does emergency pill affect fertility?


Does emergency pill affect fertility ?

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Taking an emergency pill won't affect your fertility and will not affect your pregnancy in future. But clinicians suggest not to use it as it is not as effective as other regular contraceptives such as pill, condom, implant, coil, etc. The 2020 Fact Not Fiction survey, launched by the morning after pill brand Ella One, found that 40% of people believed that the emergency pill can make you infertile if you use it too many times and 51% said they believed it should not be taken more than once in the same cycle. But the emergency pill can be taken after any unprotected sex or contraceptive failure without causing any affect in future pregnancy. The sooner it is taken after unprotected sex the more effective it will be. If taken within 72 hours it can reduce the risk by 75% to 89%.

What is an emergency pill? 

Emergency pill also known as morning-after pills are to be taken immediately after having unprotected sex as a method of contraception. Taking an emergency pill for too long is not a good idea. Instead, if you are not ready for a pregnancy, talk to your doctor and chart out a contraception plan, rather than depending on these emergency pills. 

Frequent use of Emergency pills may cause periods to become irregular and unpredictable.

Who can use emergency pills ?

Any woman or girl of reproductive age can take an emergency pill to avoid an unwanted pregnancy. There are no absolute medical contraindications to use an emergency pill. There are no age limits to the use of emergency contraception pills. Emergency contraceptive pills were found to be less effective in obese women those having body mass index more than 30 kg/m2, but there are no safety concerns. Obese women can take emergency contraception pills when they need it.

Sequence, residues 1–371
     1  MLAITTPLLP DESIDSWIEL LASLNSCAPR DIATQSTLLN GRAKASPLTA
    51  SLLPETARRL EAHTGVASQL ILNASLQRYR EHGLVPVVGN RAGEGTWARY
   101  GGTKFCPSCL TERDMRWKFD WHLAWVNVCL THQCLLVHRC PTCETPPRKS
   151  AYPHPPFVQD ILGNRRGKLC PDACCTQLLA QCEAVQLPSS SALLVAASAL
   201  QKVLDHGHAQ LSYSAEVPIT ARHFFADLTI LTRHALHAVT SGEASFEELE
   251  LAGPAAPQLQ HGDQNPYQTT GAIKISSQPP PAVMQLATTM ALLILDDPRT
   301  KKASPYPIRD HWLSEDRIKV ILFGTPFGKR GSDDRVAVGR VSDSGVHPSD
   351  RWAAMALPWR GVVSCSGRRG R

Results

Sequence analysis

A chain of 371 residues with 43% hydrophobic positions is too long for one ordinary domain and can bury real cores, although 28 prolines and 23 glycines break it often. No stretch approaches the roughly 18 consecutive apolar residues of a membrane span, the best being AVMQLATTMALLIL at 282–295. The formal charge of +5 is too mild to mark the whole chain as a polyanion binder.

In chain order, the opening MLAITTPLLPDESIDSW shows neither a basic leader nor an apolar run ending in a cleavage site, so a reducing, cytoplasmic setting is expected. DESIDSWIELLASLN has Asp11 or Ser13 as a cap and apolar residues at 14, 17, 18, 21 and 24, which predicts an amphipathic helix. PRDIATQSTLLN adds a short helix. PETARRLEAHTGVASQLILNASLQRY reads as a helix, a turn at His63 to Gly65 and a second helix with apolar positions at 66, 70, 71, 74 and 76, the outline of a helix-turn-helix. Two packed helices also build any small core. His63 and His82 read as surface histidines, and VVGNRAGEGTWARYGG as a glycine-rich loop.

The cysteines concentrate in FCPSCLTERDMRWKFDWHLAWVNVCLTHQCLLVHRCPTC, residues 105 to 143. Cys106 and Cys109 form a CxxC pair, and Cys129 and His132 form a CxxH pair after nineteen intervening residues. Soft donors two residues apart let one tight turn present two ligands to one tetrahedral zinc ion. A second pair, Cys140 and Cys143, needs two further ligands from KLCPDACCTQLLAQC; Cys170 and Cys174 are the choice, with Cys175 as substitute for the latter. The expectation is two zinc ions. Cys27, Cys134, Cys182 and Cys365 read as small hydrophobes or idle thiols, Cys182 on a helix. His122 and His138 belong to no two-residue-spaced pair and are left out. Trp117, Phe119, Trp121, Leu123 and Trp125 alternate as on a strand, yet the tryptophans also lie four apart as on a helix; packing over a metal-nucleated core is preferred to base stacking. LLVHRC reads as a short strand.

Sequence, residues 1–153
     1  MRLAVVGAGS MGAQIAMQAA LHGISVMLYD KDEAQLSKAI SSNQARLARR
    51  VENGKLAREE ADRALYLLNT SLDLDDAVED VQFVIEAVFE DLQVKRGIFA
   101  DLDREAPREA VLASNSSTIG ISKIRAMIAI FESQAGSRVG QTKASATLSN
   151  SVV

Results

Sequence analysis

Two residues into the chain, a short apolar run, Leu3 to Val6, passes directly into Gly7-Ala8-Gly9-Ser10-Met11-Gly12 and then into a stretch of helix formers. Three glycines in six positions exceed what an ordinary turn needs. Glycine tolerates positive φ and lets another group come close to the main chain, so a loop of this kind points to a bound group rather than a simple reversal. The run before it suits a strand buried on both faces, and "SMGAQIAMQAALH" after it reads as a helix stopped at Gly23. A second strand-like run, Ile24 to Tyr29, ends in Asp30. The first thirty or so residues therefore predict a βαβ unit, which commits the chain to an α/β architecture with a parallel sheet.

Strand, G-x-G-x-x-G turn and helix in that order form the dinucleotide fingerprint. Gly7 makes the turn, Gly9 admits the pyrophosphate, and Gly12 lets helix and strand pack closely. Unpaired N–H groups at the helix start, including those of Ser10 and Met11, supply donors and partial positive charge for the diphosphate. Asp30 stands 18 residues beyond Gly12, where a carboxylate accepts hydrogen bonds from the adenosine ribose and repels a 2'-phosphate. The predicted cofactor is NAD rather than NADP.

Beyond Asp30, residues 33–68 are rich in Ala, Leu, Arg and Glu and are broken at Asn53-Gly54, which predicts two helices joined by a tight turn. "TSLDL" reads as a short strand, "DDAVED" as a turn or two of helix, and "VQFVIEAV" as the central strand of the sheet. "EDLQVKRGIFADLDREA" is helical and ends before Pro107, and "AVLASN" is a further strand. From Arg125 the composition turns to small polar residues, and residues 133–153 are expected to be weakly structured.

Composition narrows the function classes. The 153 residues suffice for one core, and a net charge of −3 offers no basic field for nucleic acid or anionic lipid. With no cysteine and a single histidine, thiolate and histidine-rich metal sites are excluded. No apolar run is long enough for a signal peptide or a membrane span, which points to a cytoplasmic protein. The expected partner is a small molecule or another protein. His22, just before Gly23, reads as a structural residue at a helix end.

In what situations can emergency contraception pills be used?

Emergency pills can be used in a number of situations following sexual intercourse. These include:

  • When no contraceptive has been used.

  • Sexual assault when the woman was not protected by any effective contraceptive method.

  • When there is concern of possible contraceptive failure, from improper or incorrect use, such as:

condom breakage, slippage, or incorrect use;  

Three or more consecutively missed combined oral contraceptive pill

  • more than 3 hours late from the usual time of intake of the progestogen-only pill (minipill), or more than 27 hours after the previous pill;

  • more than 12 hours late from the usual time of intake of the desogestrel-containing pill (0.75 mg) or more than 36 hours after the previous pill;

  • more than 2 weeks late for the norethisterone enanthate (NET-EN) progestogen-only injection;

  • more than 4 weeks late for the depot-medroxyprogesterone acetate (DMPA) progestogen-only injection;

  • more than 7 days late for the combined injectable contraceptive (CIC);

  • dislodgment, breakage, tearing, or early removal of a diaphragm or cervical cap;

  • failed withdrawal (e.g. ejaculation in the vagina or on external genitalia);

  • failure of a spermicide tablet or film to melt before intercourse;